marioneta (Puppet)

About this object

History of use

Ten marionettes were made especially by Jorge Cerqueira for the Museum of Anthropology collection (see #2956/293-300 & #3105/1-2). These marionetas (string puppets) represent key characters—historical heroes and gods, sultans and kings, the dangerous storm, Adamastor, and the beautiful goddess, Venus, dressed in crimson—from the Portuguese epic, The Lusiads (1572). Written by the one-eyed adventurer and beloved poet, Luís de Camões, The Lusiads tells of the Portuguese discovery of a sea route to the East. The hero of the fantastical tale is the explorer, Vasco da Gama, who is either aided or opposed on his voyage by the Roman gods: Jupiter, Bacchus, Neptune and Venus. En route, Vasco da Gama’s fleet is welcomed by the Sultan of Malindi (Kenya) and bravely battles Adamastor, the gigantic storm, before arriving in India and meeting Monsayeed, the ruler of Calcutta (now Kolkata). Setting sail again, the Portuguese explorers stop to feast on the Isle of Love and afterwards journey on through the Indian Ocean, visiting parts of Asia and Africa. This character represents Jupiter, Roman god of sky and thunder, king of the gods.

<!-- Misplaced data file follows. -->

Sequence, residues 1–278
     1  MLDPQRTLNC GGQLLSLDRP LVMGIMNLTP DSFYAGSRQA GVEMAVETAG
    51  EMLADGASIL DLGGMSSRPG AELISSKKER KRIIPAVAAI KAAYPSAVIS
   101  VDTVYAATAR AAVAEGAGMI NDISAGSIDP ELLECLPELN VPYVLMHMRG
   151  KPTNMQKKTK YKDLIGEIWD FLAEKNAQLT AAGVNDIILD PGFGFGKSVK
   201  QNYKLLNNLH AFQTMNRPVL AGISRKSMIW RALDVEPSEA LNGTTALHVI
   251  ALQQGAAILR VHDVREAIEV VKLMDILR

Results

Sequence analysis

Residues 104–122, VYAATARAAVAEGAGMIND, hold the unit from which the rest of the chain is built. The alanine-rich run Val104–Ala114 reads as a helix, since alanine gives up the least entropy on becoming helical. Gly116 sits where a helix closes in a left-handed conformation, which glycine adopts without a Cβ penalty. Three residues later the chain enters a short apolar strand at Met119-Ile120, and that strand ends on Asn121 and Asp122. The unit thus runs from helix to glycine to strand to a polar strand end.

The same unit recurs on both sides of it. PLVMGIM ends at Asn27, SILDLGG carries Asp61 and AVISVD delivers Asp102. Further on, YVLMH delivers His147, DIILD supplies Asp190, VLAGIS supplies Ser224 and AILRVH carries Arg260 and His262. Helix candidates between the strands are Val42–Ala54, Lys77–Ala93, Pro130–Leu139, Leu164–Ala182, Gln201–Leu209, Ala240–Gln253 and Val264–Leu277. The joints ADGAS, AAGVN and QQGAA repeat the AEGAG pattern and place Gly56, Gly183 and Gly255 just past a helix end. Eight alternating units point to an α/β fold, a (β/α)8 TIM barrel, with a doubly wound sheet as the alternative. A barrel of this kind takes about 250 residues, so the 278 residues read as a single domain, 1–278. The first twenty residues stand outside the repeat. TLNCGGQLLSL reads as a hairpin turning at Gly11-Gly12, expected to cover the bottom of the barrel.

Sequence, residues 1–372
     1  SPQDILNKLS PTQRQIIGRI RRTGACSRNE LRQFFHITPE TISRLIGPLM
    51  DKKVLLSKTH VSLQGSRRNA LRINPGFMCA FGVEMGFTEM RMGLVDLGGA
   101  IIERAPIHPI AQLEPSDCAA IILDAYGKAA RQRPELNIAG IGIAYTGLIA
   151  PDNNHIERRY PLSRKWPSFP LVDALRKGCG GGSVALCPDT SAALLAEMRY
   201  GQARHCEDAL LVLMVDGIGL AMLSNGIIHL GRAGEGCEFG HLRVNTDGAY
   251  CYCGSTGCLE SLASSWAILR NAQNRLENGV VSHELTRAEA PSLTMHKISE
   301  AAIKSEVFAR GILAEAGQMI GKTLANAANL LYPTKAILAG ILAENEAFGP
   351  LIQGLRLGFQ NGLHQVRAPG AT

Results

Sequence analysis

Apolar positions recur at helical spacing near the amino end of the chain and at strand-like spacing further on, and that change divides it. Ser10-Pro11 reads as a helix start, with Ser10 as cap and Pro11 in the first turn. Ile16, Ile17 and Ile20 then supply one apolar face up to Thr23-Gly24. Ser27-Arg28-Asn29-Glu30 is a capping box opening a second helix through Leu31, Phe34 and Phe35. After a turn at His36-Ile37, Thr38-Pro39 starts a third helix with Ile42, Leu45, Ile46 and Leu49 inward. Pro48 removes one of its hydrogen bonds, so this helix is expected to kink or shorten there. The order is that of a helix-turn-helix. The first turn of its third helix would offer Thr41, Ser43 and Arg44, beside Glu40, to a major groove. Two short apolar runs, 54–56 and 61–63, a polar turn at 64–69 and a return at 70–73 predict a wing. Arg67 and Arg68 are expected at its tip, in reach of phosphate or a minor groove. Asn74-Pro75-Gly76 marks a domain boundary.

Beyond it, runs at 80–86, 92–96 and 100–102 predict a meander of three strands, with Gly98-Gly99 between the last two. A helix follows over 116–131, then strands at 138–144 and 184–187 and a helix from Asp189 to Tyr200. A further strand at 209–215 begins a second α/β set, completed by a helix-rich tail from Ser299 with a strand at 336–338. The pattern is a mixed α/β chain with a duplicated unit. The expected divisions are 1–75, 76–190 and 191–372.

Iconographic meaning

Puppet representing Jupiter, as a character in the epic "Os Lusíadas" (The Lusiads). Jupiter was the god of the sky and thunder, and king of the gods in Roman mythology.

Physical description

String puppet (marioneta) of the character Jupiter. Puppet wears a long off-white cotton robe with gold coloured grasses hanging around the outside and a gold coloured crown made of individual curved strips of metal with dark blue stone pieces attached to each. There is a painted paper collar that wraps around his neck and down the front; the arms are similarly constructed; the hands are carved of wood.